Richard Billingham (director)
1h 48mins (length)
28 February 2019 (released)
28 February 2019
The stunning debut film of Turner Prize-nominated photographer Richard Billingham follows his titular parents in a stark and uncompromising autobiographical portrait of the downfall of his family in Thatcher-era Britain.
The film is told in three separate time periods, comprised of strange flashbacks. At first, we are introduced to an elderly Ray, an alcoholic rotting away in a dirty bedroom, little more than one of the many insects that scuttle around him. We are then transported back to a day of significance within the families life, with the intention of highlighting two things, the dysfunction of the family and the brutality of Richard’s mother Elizabeth, a physically domineering woman and absent-minded mother. Her interactions with her children are completely devoid of love with her brutishness evoked early on when their previous dog is suggested to have been killed by her after a beating. The film is full of small details like that which build up a deep image of the bleak and inescapable world these people inhabit.
Much like his award-winning photographs, the film permeates a tactile and sensory view into his broken household. You can almost smell the tobacco-stained walls and the unmistakable stench of alcohol, this all effectively communicated with Billingham's direction and the stellar cinematography by Daniel Landin. The gorgeous 16mm photography was the definite highlight of ‘Ray and Liz’, it prevented me ever becoming bored with the films unusual structure by filling the frame with details that emphasised the world on-screen. Billingham’s attention to detail adds an immense depth and poeticism to the film; from shots of a letter soaked in dog urine to the imprint left in a mattress when Ray finally gets up, only to light a cigarette and reach for his glass with a trembling hand.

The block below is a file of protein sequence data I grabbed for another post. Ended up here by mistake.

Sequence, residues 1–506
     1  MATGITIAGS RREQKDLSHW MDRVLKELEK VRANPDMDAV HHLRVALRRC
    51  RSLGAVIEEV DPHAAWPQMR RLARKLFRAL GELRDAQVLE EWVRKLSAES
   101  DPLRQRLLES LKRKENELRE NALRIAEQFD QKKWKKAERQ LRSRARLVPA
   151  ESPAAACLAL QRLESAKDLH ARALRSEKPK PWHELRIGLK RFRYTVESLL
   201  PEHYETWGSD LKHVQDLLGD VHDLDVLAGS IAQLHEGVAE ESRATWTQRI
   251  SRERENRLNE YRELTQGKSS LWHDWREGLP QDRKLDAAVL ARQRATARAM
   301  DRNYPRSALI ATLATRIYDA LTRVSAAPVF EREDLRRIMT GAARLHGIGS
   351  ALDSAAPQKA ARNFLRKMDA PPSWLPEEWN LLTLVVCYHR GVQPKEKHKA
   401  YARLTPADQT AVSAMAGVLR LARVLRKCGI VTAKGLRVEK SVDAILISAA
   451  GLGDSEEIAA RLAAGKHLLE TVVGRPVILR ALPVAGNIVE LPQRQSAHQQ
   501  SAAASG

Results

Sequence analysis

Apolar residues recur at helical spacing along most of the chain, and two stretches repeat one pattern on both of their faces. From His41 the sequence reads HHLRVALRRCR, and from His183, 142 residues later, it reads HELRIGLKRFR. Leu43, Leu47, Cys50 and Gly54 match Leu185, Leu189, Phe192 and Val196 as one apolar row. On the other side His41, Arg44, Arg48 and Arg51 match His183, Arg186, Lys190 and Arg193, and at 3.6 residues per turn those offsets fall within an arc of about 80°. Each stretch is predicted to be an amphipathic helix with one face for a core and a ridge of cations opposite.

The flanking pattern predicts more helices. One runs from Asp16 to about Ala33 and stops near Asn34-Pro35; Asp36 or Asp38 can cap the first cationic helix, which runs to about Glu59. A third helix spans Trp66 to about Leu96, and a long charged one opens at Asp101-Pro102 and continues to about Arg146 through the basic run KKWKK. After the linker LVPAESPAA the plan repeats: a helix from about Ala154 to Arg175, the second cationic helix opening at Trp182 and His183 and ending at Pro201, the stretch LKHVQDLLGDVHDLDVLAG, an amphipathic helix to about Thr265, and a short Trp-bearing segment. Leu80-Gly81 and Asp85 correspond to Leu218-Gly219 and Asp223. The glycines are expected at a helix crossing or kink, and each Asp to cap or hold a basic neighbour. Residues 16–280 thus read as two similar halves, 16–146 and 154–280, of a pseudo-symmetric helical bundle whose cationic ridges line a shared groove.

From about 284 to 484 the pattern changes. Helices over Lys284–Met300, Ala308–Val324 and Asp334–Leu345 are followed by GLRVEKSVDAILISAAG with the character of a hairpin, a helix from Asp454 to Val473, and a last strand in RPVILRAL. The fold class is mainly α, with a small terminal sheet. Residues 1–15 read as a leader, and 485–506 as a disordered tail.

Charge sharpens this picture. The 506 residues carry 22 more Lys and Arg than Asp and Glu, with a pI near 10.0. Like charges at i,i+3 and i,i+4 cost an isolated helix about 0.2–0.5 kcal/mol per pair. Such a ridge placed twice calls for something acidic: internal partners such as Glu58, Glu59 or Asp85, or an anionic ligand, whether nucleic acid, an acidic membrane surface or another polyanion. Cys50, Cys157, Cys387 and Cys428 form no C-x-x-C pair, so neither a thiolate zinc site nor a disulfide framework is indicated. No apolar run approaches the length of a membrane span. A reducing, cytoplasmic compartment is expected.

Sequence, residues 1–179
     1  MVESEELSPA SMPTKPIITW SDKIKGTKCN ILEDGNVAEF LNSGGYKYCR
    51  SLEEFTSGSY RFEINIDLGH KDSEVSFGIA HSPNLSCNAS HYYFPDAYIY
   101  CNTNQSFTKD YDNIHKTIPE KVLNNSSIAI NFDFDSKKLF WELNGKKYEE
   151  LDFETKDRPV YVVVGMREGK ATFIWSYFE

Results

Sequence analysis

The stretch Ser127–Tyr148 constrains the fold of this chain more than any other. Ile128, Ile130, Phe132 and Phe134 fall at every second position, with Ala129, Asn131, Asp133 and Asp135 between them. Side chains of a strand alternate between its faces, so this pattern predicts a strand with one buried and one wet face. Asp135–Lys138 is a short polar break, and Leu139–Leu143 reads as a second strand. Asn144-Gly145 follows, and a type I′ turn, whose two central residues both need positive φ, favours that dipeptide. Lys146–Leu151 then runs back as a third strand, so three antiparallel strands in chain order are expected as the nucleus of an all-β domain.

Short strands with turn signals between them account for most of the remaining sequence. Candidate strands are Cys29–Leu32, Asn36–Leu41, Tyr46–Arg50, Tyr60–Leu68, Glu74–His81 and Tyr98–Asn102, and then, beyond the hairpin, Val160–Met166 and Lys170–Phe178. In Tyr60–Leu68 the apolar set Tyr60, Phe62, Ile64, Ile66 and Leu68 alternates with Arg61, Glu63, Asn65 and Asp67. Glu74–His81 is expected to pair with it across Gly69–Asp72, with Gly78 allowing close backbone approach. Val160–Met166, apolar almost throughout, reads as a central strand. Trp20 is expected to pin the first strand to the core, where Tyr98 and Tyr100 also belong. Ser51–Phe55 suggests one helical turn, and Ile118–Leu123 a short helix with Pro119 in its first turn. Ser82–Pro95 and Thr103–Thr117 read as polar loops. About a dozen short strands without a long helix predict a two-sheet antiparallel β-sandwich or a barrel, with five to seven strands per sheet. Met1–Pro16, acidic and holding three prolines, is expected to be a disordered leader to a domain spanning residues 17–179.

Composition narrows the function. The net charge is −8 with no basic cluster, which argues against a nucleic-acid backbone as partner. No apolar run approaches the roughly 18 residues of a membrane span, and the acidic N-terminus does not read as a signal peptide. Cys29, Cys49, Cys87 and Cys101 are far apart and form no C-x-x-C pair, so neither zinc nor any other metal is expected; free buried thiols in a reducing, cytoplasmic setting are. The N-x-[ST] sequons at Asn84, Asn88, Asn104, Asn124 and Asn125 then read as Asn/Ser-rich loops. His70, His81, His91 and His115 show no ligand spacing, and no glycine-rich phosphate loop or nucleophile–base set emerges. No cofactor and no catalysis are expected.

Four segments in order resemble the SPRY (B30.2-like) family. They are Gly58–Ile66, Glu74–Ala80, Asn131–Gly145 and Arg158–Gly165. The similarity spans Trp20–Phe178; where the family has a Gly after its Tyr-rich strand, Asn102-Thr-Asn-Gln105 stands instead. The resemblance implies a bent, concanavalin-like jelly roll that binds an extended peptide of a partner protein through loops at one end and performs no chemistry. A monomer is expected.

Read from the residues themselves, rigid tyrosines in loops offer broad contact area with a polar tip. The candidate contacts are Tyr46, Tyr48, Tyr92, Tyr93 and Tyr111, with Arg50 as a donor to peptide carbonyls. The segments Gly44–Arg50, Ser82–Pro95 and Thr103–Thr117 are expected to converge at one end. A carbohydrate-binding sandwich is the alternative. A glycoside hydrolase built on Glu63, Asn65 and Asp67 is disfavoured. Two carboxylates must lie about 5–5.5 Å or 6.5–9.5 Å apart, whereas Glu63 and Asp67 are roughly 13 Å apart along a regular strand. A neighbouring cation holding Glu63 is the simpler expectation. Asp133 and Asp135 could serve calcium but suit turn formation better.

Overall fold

Evident within the film is Richard Billingham’s non-existent relationship with his parents. His portrayal of them within the film, including the imagery evoked alongside them, was an intriguing gaze into his psyche and perhaps why from a narrative standpoint he focuses more on the fate of his brother. The second major flashback picks up a few years after the first with the family having moved from their filthy house to a dilapidated apartment, this time focusing more on young Jason as he grows up with no support. His parents sleep all day and have no idea he isn’t going to school, or they simply don’t care, all that is evident is there is no regard for him.
As with his ‘Rays a laugh’ photo-series, Billingham's access is what excels this film, his closeness to the subject matter oozes from every shot with a harrowing intensity. The fact he lived through these events grants the film a new dimension and his ability to portray them using his own cinematic language is impressive. All-around solid performances elevate the film further, especially those of Justin Salinger and Ella Smith as the young Ray and Liz respectively, their total believability and unwavering performances evoke unspoken damage in both their hearts. Sound played a smaller role within the film, for the most part, reduced to that of ambience, unfortunately. On the other hand, the lack of music throughout was appreciated as an over-reliance on it would have detracted from the story. Instead, its scarce use made the moments where music did emerge, that much more emotionally resonant.
A criticism I have heard thrown at Richard Billingham is that after the success of his original photo series he kept trying to recapture the magic of those initial photographs, with varying degrees of success. When I heard that his debut film was dealing with the same subject matter I was sceptical, however with ‘Ray and Liz’ he has been able to add a whole new depth to those original images using the language of cinema. Had he chosen to centre the story on himself over his brother I don’t think there would be much of a reason for the film to exist, but by avoiding that he is able to tell a new story. The film felt aimless at times, leaving me wondering what it was all leading up to, though upon finishing the film I understood the kind of film Richard Billingham was trying to make and I commend him for it.
Seek out ‘Ray and Liz’ for its portrayal of a deeply dysfunctional family, enhanced by its brutal attention to detail and unflinching vision of its director.